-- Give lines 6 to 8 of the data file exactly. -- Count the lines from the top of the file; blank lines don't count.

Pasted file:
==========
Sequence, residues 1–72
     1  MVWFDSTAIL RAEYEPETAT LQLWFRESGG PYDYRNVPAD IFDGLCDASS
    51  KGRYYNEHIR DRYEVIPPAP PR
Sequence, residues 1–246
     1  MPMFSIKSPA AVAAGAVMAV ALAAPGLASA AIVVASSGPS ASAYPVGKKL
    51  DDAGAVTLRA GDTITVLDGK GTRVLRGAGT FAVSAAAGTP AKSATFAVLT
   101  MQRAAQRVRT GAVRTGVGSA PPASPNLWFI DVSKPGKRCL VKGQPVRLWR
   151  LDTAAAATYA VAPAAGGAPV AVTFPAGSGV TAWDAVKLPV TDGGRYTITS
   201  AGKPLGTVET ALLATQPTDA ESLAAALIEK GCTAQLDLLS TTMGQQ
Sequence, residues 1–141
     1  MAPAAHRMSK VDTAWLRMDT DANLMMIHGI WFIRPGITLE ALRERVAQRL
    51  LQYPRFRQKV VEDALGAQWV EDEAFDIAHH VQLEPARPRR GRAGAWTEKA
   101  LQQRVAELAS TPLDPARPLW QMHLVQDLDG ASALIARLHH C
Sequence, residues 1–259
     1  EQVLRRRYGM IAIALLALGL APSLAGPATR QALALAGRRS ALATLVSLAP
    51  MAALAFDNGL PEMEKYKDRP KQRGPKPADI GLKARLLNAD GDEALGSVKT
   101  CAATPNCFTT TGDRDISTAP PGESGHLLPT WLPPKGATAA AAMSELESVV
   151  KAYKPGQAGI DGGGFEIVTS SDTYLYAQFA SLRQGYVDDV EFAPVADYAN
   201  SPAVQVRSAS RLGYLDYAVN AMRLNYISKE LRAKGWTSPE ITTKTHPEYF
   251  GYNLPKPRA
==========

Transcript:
    51  DDAGAVTLRA GDTITVLDGK GTRVLRGAGT FAVSAAAGTP AKSATFAVLT
   101  MQRAAQRVRT GAVRTGVGSA PPASPNLWFI DVSKPGKRCL VKGQPVRLWR
   151  LDTAAAATYA VAPAAGGAPV AVTFPAGSGV TAWDAVKLPV TDGGRYTITS